Cutting out Early Adopters, Possible Consequences
1080P and Hi-def DVD
A Different View of Hi-def DVD Booths at CES
Taiwan’s Forward Versatile Disc (FVD) . .
HD Signal Processors
Video Processing Engines . . . . . .
Processors Using HD Video Processing Engines
HDTV Video Cameras . . . . . . . . . . . . .
Digital Connectivity – Tutorial
DVI . . . . . . . . . . . . . . . . . . . . . . . . . .
IEEE1394 . . . . . . . . . . . . . . . . . . . . . . .
HDMI . . . . . . . . . . . . . . . . . . . . . . . . . .
Digital Connectivity Implementation
HDMI Connectivity (2004-2005) . . . . . . .
2004
2005
PanelILink Cinema (PLC) Partners Program
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97
103
112
128
131
132
136
139
144
146
147
148
HDMI Connectivity Update (2005 – 2006)
149
HDMI Licensing, v1.2 Specification
HDMI First Receiver SiI 9033 with v1.2 Specification
HDMI Receiver IC Support for 1080p
HDMI SiI 1930 and 1390 Transmitters
HDMI SiI 9023 Receiver
SiI 4726 Processor
HDMI SiI 9020 Transmitter for HD Cameras
Simplay Labs Introduction
SiI 8200 Video Processor
iTMDS Internal Link Technology and SiI 7170 Transmitter
and 7171 Receiver
HDMI Version 1.3 . . . . . . . . . . . . . . . .
153
HDMI Industry Adoption . . . . . . . . . . . .
153
HDMI in 1080p Equipment . . . . . . . . . .
154
HDMI Multi-channel Audio . . . . . . . . . . .
155
Other Digital Connectivity - Update . . . .
156
IEEE1394 over Coaxial
IEEE Approves Initial 802.11n Spec
IBM Developed Wireless HD Chip
UWB
Multi-channel Audio for HD
Hi-bit Dolby Digital Formats – Connectivity
Single-Cable Digital Connection
Multichannel Analog Connection
S/PDIF Connection
Dolby TrueHD and Dolby Digital Plus in A/V Receivers
Legacy Discrete Surround Audio Formats for Hi Def DVD
Hi-bit Surround Audio Formats – Summary
Dolby Digital Plus
DTS-HD (DTS++ and DTS-HD Master Audio)
Dolby TrueHD
Hi-bit Audio Application to Hi-def DVD Formats
Analysis . . . . . . . . . . . . . . . . . . . . . . .
HD Content Protection
DTV Content Protection Rulings and Agreements
Plug-and-Play Cable Agreement
Broadcast Flag
Other Technology Alternatives to the Flag
Down-res
Analysis - Some Loose Ends
What Could You Do?
Graphical Representation of Rulings and Agreements
HD Content Protection – Update . . . . . . .
AACS
AACS Down-res Approved
PVP-OPM
Broadcast Flag
Glossary of H/DTV Terms . . . . . . . . . . . . . .
About the Author . . . . . . . . . . . . . . . . . . . . .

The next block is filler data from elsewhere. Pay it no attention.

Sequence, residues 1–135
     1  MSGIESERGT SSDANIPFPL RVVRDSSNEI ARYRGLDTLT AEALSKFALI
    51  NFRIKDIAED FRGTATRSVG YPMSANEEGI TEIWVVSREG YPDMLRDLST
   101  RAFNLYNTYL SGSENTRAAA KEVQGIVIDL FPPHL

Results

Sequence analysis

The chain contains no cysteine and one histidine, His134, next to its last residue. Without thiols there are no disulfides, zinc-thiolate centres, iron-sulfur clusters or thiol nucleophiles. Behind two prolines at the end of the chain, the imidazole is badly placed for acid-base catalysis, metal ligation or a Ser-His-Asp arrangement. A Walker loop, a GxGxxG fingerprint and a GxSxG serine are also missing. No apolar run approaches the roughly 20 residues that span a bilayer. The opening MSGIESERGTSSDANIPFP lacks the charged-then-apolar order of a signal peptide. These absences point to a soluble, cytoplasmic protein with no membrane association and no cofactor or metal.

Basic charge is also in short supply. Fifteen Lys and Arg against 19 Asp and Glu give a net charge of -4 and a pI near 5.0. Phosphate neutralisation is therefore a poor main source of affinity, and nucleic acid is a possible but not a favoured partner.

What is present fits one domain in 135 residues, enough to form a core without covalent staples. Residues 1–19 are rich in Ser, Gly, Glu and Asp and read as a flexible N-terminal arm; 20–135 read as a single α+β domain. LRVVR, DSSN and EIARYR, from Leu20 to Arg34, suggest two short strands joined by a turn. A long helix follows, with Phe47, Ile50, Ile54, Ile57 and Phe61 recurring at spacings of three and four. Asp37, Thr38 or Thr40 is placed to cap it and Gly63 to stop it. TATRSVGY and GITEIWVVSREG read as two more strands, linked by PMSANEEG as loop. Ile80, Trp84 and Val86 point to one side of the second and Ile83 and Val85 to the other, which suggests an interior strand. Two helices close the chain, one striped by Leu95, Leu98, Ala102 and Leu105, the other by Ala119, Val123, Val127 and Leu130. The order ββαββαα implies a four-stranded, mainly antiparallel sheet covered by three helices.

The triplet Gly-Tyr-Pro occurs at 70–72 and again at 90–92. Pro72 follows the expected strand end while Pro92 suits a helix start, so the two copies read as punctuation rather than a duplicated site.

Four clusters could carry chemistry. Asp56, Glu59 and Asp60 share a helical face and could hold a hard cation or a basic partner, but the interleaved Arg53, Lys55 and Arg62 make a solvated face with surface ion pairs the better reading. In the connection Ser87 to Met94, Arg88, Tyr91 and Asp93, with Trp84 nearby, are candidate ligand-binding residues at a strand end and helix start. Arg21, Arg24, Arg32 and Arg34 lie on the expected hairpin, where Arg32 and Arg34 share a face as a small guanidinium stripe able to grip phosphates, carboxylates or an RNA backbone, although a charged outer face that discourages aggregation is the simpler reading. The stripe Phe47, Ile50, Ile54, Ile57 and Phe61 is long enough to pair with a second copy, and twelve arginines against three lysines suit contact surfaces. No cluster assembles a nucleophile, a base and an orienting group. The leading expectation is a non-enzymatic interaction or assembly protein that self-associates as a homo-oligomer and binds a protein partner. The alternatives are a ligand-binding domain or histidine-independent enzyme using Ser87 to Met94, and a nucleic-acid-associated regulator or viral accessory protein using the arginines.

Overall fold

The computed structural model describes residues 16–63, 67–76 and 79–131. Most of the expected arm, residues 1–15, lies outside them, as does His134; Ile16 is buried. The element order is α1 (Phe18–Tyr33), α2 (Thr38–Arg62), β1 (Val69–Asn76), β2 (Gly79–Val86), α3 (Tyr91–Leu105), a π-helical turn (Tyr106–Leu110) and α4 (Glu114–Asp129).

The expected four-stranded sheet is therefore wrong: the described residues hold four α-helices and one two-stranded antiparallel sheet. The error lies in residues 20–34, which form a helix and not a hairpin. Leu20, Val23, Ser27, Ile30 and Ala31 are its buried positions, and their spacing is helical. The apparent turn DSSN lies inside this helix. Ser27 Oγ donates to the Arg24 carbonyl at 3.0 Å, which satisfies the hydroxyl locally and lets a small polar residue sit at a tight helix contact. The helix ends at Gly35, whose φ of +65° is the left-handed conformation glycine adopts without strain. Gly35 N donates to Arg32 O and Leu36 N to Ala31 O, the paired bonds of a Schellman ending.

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158
162
163
164
165
167
177
178
182
207
H/DTV Highlights
CES attendance has
increased year after
year. CES 2006
received 150,000
attendees (142,000
last year), and more
than 2,500 exhibitors.
Comparatively, CEDIA
had 26,000 attendees,
and
about
500
exhibit
ors.
CES is
consistently increasing
the attendance by about 8-10 thousand attendees per year over the past few years.
3-D HDTV - Philips announced that the company plans to introduce in two years an
HDTV that can play 3-D
content. The technology is
in the lab at this time and
has not been shown to the
public yet. 2-D content will
be able to be viewed as 3D; the movie studios are
hoped to be more
supporting of 3-D movies.
LG made a demonstration
of a pair of 3-D LG LCD 42”
panels (left).
In-Stat expects over 54
million TV households will have at least one HDTV display by year-end 2009, I
expected the double by the end of 2008, check my analysis and projections. The
2007 deadline for DTV transition has been extended for another 2 years and is now
set for February 17, 2009; although it was already signed by the President in early
February 2006, a clerical typo challenges its validity. The bill also budgeted for a
subsidy to supply up to two $40 vouchers per consumer to defray most of the cost of
two digital-to-analog converter boxes per household that would allow the viewing of
digital broadcast content using legacy analog TVs. The bill also budgeted for a
“much needed” program to educate the public about DTV and the transition from
analog.
Additionally, related to the DTV transition, the FCC approved a shorter integratedtuner implementation schedule; it now extends its mandate to sets below the
original 13” threshold. Read all the details at the DTV Transition section.
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LCoS has increased it presence during
2005 with newer and better looking
RPTV and FP sets from Sony (SXRD
VPL-VW100, $10,000, on the right),
JVC (D-ILA), in addition to the RPTVs
of Brillian and several others.
Check the LCoS section, and the section
dedicated to how Brillian implemented their video
processing on their new LCoS RPTV (left). LCoS